The fast pace of disease outbreaks and the regular emergence of new drug-resistant strains makes the development of vaccines increasingly important. Helen McShane, Professor of Vaccinology at the Nuffield Department of Medicine, explains the role of international research collaborations in the global fight against infectious diseases.
Developing new vaccines to protect against disease is a race against the clock. As scientists and clinicians around the world work to tackle outbreaks, the emergence of new drug-resistant strains makes the need for preventative vaccines all the more important.
As an example, TB is currently the leading cause of death by infectious disease worldwide, ranking above HIV/AIDS. In 2016, there were an estimated 10.4 million new cases of TB worldwide and 1.6 million deaths. In the same year there were 600,000 new cases with resistance to rifampicin (RRTB), the most effective first-line drug, of which 490 000 had multidrug-resistant TB (MDR-TB). Almost half (47%) of these cases were in India, China and the Russian Federation.
Vaccines are incredibly effective in combatting disease. Current childhood vaccines are estimated to prevent 2-3 million deaths per year worldwide, not to mention the countless lives that have been saved through the eradication of smallpox and the near eradication of polio.
However, the only current vaccine we have against TB is the BCG vaccine, which is almost a century old and only grants limited protection against the disease – especially in high-risk areas.
The World Health Organisation’s (WHO) End TB Strategy, adopted by all WHO member states in 2014, set a target of decreasing TB incidence by 80% and reducing TB deaths by 90% by 2030.
There is a stark gap between where we are and where we need to be, but working together significantly improves our chances of finding new vaccines and treatments. The ace up our sleeve in this ongoing battle is that there are thousands of researchers across the globe tackling the same problems from different angles simultaneously.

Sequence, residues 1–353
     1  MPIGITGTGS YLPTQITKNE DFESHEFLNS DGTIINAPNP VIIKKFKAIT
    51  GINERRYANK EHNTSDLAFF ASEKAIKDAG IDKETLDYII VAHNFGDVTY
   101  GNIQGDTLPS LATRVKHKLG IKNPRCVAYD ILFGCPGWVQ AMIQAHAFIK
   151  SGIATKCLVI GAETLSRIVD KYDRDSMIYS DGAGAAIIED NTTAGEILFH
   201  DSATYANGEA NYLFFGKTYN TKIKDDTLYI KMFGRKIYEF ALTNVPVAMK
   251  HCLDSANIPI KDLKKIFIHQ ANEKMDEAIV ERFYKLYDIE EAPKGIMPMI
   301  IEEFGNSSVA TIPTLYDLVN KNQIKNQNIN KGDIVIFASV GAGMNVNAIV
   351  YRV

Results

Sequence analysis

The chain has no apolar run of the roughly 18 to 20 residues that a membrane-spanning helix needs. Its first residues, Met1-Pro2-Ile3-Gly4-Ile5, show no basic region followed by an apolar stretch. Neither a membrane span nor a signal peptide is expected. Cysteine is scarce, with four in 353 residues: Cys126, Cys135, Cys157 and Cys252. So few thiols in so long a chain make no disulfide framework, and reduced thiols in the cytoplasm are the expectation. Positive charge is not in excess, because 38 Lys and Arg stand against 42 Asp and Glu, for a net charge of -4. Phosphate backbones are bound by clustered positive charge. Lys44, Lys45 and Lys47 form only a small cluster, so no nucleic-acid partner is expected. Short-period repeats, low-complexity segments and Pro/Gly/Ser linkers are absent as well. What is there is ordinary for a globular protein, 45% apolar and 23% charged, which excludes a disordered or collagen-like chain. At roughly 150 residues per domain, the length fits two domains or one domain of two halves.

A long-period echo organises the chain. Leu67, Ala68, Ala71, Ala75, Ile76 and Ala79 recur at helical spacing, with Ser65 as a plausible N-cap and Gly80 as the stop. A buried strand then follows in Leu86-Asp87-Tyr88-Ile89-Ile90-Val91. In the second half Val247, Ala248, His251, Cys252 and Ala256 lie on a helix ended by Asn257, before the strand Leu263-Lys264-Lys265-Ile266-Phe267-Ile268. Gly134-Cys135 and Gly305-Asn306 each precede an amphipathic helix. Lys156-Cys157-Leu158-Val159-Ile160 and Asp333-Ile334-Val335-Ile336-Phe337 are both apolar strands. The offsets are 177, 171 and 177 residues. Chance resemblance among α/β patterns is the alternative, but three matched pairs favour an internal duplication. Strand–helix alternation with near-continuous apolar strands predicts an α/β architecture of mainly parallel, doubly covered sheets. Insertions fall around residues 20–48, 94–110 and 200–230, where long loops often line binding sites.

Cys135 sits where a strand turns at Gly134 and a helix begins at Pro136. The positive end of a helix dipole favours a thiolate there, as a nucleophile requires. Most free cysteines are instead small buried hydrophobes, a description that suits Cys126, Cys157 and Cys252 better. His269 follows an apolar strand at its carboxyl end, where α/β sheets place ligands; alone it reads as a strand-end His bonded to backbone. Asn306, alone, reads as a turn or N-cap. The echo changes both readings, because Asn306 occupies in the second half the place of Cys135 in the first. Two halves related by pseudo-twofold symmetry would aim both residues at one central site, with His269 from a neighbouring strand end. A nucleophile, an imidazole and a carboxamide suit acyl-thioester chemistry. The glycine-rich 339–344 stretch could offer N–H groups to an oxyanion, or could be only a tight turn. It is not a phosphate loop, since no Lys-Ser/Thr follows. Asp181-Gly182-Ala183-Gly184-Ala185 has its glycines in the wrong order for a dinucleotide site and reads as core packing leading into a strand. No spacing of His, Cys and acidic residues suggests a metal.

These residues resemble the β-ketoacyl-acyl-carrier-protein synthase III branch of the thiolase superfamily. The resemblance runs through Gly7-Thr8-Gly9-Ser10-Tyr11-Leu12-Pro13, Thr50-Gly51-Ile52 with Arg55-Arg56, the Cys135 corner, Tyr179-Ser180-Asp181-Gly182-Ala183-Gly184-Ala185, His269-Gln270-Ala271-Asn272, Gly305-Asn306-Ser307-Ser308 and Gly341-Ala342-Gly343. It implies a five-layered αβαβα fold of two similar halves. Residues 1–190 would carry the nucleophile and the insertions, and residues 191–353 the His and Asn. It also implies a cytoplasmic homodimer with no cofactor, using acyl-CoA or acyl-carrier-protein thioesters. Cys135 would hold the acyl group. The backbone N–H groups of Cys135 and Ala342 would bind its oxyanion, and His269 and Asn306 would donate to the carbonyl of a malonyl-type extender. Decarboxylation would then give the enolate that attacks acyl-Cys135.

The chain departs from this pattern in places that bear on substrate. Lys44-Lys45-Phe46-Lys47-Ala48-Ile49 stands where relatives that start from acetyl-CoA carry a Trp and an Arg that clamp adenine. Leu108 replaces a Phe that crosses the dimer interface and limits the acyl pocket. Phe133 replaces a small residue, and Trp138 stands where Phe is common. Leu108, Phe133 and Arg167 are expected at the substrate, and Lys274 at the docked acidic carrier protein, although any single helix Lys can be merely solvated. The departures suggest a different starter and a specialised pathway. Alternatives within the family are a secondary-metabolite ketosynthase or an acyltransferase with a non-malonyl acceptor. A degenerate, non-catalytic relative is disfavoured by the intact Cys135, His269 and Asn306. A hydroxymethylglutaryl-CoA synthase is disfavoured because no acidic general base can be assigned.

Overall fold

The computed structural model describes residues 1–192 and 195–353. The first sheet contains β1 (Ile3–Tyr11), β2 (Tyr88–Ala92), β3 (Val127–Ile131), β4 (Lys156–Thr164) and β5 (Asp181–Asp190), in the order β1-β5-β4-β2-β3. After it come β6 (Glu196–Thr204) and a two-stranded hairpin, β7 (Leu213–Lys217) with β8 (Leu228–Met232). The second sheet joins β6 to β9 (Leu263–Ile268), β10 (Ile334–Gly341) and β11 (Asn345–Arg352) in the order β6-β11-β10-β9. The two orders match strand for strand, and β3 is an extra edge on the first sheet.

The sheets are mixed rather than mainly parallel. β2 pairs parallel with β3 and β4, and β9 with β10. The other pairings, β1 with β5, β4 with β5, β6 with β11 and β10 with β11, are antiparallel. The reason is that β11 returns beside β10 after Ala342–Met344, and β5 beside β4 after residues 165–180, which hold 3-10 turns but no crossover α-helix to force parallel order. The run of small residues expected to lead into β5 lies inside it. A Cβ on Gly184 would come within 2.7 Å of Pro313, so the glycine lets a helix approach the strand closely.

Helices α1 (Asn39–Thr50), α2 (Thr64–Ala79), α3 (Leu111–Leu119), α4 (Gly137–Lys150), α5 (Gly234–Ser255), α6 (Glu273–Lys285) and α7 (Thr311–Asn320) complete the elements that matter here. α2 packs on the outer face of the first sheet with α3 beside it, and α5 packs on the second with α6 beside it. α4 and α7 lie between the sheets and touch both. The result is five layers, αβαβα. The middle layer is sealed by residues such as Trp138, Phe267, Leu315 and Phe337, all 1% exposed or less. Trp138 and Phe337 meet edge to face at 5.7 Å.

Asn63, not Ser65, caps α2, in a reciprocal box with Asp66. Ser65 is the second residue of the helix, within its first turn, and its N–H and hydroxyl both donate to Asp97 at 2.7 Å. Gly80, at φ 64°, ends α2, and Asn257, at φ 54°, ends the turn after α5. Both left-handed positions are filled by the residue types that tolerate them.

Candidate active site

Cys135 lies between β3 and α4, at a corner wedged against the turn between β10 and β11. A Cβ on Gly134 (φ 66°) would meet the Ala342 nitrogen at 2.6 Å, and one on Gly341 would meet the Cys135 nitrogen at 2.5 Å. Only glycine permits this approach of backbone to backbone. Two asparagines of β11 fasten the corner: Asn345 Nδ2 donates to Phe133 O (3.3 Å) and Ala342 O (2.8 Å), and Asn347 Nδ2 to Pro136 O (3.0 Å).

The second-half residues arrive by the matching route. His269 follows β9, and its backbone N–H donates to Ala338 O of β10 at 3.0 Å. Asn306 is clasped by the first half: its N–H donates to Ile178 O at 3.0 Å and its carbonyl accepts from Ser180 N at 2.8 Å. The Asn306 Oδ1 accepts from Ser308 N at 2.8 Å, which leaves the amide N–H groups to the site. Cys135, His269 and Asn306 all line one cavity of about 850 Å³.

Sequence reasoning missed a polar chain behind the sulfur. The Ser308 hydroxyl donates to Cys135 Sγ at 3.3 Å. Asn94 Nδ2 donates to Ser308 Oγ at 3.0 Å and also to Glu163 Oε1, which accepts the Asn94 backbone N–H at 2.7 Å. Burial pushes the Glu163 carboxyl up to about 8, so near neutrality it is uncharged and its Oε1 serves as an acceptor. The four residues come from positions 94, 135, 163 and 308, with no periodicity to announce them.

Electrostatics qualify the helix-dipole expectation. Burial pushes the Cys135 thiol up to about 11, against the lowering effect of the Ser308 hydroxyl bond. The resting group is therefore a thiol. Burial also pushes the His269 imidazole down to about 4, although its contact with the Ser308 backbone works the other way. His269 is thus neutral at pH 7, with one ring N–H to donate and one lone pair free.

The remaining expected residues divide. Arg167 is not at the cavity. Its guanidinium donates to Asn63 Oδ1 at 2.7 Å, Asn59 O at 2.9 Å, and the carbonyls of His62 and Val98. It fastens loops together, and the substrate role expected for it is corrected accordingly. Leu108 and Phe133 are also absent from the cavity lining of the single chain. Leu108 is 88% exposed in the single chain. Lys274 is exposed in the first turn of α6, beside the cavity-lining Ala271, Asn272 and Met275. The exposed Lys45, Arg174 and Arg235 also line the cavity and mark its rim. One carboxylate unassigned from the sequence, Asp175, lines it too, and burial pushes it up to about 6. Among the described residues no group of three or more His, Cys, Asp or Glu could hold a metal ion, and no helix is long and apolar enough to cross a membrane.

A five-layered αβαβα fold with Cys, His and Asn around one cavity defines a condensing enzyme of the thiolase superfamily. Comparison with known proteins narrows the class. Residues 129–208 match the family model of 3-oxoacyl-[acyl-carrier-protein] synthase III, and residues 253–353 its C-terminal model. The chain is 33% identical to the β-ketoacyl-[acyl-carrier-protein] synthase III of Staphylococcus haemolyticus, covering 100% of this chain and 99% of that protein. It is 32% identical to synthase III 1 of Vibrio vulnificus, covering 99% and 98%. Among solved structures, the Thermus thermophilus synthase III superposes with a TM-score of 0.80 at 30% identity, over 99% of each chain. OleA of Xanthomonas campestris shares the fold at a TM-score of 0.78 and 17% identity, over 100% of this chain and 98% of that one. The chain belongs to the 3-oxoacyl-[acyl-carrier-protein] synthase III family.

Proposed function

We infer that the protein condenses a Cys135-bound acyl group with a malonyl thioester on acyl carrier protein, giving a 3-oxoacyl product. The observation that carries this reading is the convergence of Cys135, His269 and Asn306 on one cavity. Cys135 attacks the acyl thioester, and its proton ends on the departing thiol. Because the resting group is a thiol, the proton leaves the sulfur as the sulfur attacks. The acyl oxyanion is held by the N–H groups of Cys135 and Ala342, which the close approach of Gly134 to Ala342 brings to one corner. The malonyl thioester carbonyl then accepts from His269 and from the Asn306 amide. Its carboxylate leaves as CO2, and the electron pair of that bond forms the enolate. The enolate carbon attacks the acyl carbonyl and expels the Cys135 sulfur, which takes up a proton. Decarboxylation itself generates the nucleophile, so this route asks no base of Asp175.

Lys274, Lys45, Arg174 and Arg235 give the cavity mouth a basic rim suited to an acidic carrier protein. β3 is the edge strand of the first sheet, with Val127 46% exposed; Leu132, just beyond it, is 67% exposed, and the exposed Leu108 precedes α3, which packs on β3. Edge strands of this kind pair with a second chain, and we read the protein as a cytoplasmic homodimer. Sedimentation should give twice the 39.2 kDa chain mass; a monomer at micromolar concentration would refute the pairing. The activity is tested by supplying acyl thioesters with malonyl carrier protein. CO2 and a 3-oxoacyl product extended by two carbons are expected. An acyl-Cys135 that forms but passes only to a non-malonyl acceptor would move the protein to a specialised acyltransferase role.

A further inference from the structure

Our own team in Oxford, in partnership with the London School of Hygiene & Tropical Medicine, was recently awarded a £1.7million MRC/BBSRC GCRF grant to set up and lead an international network of researchers working towards vaccine development for TB, leishmaniasis, melioidosis and leprosy – called VALIDATE (vaccine development for complex intracellular neglected pathogens). The VALIDATE Network aims to accelerate this vaccine development as well as to encourage Continuing Professional Development and career progression amongst its members, particularly early career researchers and researchers from LMICs. We currently have 73 members from 37 institutes in 15 countries, but we are looking to grow the network considerably.
Creating an interactive community of researchers who are forming new cross-pathogen, cross-continent, cross-species and cross-discipline collaborations, generating new ideas, taking advantage of synergies and quickly disseminating lessons learned across the network, will help us to make significant progress towards vaccines against the focus pathogens.
This is just one of a number of international collaborations we’re involved with. Through the Medical Research Council’s Vaccine Networks researchers here at Oxford are linked to teams worldwide tackling diseases as broad as malaria, ebola, zika and plague. The UK Government Department of Health together with the MRC and BBSRC launched the UK Vaccine Network as a direct response to the recent ebola and zika outbreaks, which threatened to spread far more widely than they eventually did.
The development and manufacture of vaccines is one of the more complex and slow processes in biopharmaceuticals.
However, multiple vaccine development teams sharing their findings from clinical trials can speed the process up immensely. The UK Vaccine Network has developed a process map to support researchers through the key stages in vaccine development and to help them to identify where bottlenecks could potentially delay progress. Through use of this map, it is hoped that researchers can identify any potential delays well in advance and make plans to overcome them. This should help expedite and streamline vital vaccine development, ultimately enabling more lives to be saved.
Professor Helen McShane is Director of VALIDATE, and Dr Helen Fletcher at the London School of Hygiene & Tropical Medicine is Co-Director.